The authors of The Science of Superheroes turn their attention to the heroes' spectacular foes in order to uncover just how worried we need to be that some day a Magneto, Dr. Octopus or Lex Luthor may arise to threaten world domination. Considering the science reality underlying the cartoon science fiction, the authors look at Luthor's youthful harnessing of solar energy and the basis for Brainiac as a form of artificial intelligence. While the idea behind this investigation is undeniably appealing, the authors are unclear about who their audience is. Several chapters, such as the one on Lex Luthor, employ an overly simplistic sentence structure or seem otherwise aimed at middle-schoolers: ""be a hero to your class by correcting your science teacher."" Other topics are aimed at adults without a science background or ""those who have forgotten their high school biology."" While this inconsistency may serve to stimulate young readers, it will likely turn off adults--especially since the first chapter is particularly simplistic and underdeveloped. However, later chapters grow in complexity and provide a solid base of information about their topics. Taken as a whole, this primer is a fun way to introduce young adults to a vast range of subjects--from the solar system to the mechanics of flight, bioengineering and beyond--but it may seem patronizing to adults.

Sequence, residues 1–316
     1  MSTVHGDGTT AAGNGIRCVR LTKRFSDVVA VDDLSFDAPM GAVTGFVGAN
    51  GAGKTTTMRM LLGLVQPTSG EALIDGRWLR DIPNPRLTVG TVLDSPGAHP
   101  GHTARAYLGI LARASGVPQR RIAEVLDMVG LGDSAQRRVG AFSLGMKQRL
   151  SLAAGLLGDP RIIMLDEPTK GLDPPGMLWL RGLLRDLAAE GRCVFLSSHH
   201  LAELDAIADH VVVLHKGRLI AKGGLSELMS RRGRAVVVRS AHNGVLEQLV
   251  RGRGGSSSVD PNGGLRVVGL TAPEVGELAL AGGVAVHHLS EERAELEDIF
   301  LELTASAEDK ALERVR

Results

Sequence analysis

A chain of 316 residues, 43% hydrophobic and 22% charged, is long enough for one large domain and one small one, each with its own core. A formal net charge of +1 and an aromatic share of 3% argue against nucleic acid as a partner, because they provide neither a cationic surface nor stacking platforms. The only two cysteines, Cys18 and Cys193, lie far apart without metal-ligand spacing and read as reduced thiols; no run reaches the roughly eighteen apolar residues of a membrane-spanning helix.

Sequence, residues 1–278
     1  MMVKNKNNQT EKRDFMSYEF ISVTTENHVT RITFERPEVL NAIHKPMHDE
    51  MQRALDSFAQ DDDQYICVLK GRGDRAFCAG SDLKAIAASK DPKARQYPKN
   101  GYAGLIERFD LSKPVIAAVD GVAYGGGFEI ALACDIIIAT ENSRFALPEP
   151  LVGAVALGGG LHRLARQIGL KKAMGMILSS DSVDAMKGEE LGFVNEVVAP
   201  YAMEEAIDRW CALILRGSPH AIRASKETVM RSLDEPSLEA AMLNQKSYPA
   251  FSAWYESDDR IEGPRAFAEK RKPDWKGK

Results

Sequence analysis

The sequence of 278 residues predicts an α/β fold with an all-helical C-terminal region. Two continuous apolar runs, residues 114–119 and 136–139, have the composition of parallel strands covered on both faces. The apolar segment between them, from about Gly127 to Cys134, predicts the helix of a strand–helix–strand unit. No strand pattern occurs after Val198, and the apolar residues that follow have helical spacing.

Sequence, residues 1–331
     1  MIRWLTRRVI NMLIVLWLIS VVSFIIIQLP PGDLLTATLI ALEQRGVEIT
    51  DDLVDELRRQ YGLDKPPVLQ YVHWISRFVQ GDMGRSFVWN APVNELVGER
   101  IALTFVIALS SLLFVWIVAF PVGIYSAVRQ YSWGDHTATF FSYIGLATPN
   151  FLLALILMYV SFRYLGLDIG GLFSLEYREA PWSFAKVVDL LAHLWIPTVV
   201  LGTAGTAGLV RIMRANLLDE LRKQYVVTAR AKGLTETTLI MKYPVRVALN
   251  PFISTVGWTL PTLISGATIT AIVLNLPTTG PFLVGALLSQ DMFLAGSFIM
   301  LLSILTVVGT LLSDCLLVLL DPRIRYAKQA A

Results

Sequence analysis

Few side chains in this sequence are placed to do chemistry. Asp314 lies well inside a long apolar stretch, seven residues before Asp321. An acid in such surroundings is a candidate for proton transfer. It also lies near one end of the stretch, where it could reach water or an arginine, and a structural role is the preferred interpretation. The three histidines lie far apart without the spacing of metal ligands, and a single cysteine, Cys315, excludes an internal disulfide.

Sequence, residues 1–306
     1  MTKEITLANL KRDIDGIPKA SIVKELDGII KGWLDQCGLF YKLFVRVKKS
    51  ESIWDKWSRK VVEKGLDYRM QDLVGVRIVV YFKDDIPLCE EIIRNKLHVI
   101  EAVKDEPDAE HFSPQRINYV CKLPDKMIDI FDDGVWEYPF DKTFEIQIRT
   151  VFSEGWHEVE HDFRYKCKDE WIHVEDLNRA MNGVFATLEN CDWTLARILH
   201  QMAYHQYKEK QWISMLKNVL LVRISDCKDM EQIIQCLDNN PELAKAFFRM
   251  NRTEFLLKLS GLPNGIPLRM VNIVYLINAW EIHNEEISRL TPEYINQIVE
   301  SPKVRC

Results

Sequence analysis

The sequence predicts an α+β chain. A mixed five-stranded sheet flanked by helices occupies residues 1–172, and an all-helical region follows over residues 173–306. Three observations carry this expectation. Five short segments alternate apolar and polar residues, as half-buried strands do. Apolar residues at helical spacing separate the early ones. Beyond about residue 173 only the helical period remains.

Reviewed on: 10/18/2004 Release date: 10/01/2004 Genre: Nonfiction
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